10.16 kcal/g C atom. This strain is manifested in a rich 
chemistry, including electrophilic, nucleophilic, radical, 
and concerted addition reactions (Chapter 14). The enor-
mous interest spurred by the discovery of C60 rapidly 
led to a number of exciting developments, such as the 
design of multigram synthetic methods (commercial 
material sells for as low as $1 per gram); the isolation 
of many other larger carbon clusters, dubbed \u201cfullerenes,\u201d 
Graphite
3.35\ufffd\ufffd
3.35\ufffd\ufffd
Diamond
 C h a p t e r 1 5 689
Buckminsterfullerene C60 C70 Chiral C84
Carbon nanotube
1 5 - 5 P o l y c y c l i c A r o m a t i c H y d r o c a r b o n s
An example of a geodesic dome (of the type whose design 
was pioneered by Buckminster Fuller) forms part of the 
entrance to EPCOT Center, Disney World, Florida. It is 
180 feet high with a diameter of 165 feet.
such as the rugby-ball \u2013 shaped C70; chiral systems (e.g., 
as in C84); isomeric forms; fullerenes encaging host atoms, 
such as He and metal nuclei (\u201cendohedral fullerenes\u201d); 
and the synthesis of conducting salts (e.g., Cs3C60, which 
becomes superconducting at 40 K). Moreover, reexamina-
tion of the older literature and newer studies have revealed 
that C60 and other fullerenes are produced simply upon 
incomplete combustion of organic matter under certain 
conditions or by varied heat treatments of soot and there-
fore have probably been \u201cnatural products\u201d on our planet 
since early in its formation.
From a materials point of view, perhaps most useful 
has been the synthesis of graphitic tubules, so-called nano-
tubes, based on the fullerene motif. Nanotubes are even 
harder than diamond, yet elastic, and show unusual mag-
netic and electrical (metallic) properties. There is the real 
prospect that nanotubes may replace the computer chip as 
we currently know it in the manufacture of a new genera-
tion of faster and smaller computers (see also Chemical 
Highlight 14-2). Nanotubes also function as a molecular 
\u201cpackaging material\u201d for other structures, such as metal 
catalysts and even biomolecules. Thus, carbon in the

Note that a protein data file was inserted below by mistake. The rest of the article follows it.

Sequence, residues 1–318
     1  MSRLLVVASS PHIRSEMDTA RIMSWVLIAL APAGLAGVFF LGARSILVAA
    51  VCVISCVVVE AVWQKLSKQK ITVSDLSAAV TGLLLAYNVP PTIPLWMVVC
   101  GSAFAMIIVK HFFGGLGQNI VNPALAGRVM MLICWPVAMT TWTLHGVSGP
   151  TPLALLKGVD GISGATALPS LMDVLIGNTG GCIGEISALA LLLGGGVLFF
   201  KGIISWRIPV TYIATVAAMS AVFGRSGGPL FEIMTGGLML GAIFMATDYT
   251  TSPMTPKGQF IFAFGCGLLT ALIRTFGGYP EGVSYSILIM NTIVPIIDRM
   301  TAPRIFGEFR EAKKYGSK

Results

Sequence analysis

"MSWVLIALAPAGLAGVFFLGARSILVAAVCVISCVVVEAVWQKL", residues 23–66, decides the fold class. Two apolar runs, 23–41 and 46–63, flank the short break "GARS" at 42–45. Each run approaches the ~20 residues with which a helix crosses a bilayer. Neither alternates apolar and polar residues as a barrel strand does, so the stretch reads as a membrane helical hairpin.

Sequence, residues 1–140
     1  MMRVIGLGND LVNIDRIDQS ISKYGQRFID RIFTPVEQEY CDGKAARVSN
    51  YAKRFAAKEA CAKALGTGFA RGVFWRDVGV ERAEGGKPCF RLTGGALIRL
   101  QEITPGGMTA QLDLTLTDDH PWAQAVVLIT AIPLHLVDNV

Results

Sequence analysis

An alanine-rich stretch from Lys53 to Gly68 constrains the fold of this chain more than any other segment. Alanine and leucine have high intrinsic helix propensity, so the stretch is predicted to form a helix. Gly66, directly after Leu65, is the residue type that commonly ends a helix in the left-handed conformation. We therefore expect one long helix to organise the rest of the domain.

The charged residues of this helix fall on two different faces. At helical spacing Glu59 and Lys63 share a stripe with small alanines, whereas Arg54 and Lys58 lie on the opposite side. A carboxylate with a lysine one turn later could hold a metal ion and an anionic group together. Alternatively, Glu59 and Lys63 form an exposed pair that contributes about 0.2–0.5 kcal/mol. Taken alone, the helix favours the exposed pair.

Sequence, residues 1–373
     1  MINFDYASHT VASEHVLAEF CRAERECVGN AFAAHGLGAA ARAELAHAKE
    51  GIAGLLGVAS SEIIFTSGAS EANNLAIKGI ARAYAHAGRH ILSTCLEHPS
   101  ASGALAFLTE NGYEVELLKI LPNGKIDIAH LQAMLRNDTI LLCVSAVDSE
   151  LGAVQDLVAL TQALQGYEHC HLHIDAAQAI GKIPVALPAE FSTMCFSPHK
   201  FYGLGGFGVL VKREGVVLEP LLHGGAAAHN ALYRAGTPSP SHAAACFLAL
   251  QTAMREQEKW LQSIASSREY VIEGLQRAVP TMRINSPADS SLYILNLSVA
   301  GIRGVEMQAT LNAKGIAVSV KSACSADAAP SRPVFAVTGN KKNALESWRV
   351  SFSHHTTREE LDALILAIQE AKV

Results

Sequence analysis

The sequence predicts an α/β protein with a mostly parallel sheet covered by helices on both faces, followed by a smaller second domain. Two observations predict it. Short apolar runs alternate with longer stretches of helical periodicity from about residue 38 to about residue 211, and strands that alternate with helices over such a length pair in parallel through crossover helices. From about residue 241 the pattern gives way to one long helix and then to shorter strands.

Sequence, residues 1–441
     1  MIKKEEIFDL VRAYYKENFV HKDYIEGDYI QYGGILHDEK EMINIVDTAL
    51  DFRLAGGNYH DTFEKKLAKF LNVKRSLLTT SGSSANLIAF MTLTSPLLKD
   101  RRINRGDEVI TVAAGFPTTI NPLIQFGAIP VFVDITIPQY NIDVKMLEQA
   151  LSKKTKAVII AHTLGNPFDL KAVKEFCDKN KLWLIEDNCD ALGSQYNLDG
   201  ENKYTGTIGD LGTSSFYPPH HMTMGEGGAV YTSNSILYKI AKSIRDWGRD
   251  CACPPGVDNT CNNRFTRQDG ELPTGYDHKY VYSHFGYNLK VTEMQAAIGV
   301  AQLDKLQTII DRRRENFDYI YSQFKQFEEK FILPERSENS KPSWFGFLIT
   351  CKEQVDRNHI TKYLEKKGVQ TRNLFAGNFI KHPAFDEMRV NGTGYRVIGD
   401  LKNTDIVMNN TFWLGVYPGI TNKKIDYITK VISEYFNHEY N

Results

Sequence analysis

fullerene modifi cation has taken center stage in the new 
fi eld of nanotechnology, aimed at the construction of 
devices at the molecular level.
690 C h a p t e r 1 5 B e n z e n e a n d A r o m a t i c i t y
a series called the acenes. Angular fusion (\u201cannulation\u201d) results in phenanthrene, which 
can be further annulated to a variety of other benzenoid polycycles.
Naphthalene Anthracene Tetracene
(Naphthacene)
Phenanthrene
1 8
8a
4a
4
2
3
6
5
4b
7
6
5
4
4a
10a
1
3
2
8a
9
10
8
8a
10a
7
6
5
10
10a
6a
9
8
7
8
7
1 9
9a
4a
4
2
3
10
11
11a
5a
6
1 12
12a
4a
4
2
3
5
Each structure has its own numbering system around the periphery. A quaternary carbon is 
given the number of the preceding carbon in the sequence followed by the letters a, b, and 
so on, depending on how close it is to that carbon.
MODEL BUILDING
Exercise 15-9
Name the following compounds or draw their structures.
(a) 2,6-Dimethylnaphthalene (b) 1-Bromo-6-nitrophenanthrene (c) 9,10-Diphenylanthracene
(d) 
Br
 
(e) 
NO2
HO3S
Naphthalene is aromatic: a look at spectra
In contrast with benzene, which is a liquid, naphthalene is a colorless crystalline material 
with a melting point of 80 8C. It is probably best known as a moth repellent and insecticide, 
although in these capacities it has been partly replaced by chlorinated compounds such as 
1,4-dichlorobenzene (p-dichlorobenzene).
The spectral properties of naphthalene strongly suggest that it shares benzene\u2019s delocal-
ized electronic structure and thermodynamic stability. The ultraviolet and NMR spectra are 
particularly revealing. The ultraviolet spectrum of naphthalene (Figure 15-13) shows a pattern 
typical of an extended conjugated system, with peaks at wavelengths as long as 320 nm. On 
the basis of this observation, we conclude that the electrons are delocalized more extensively 
than in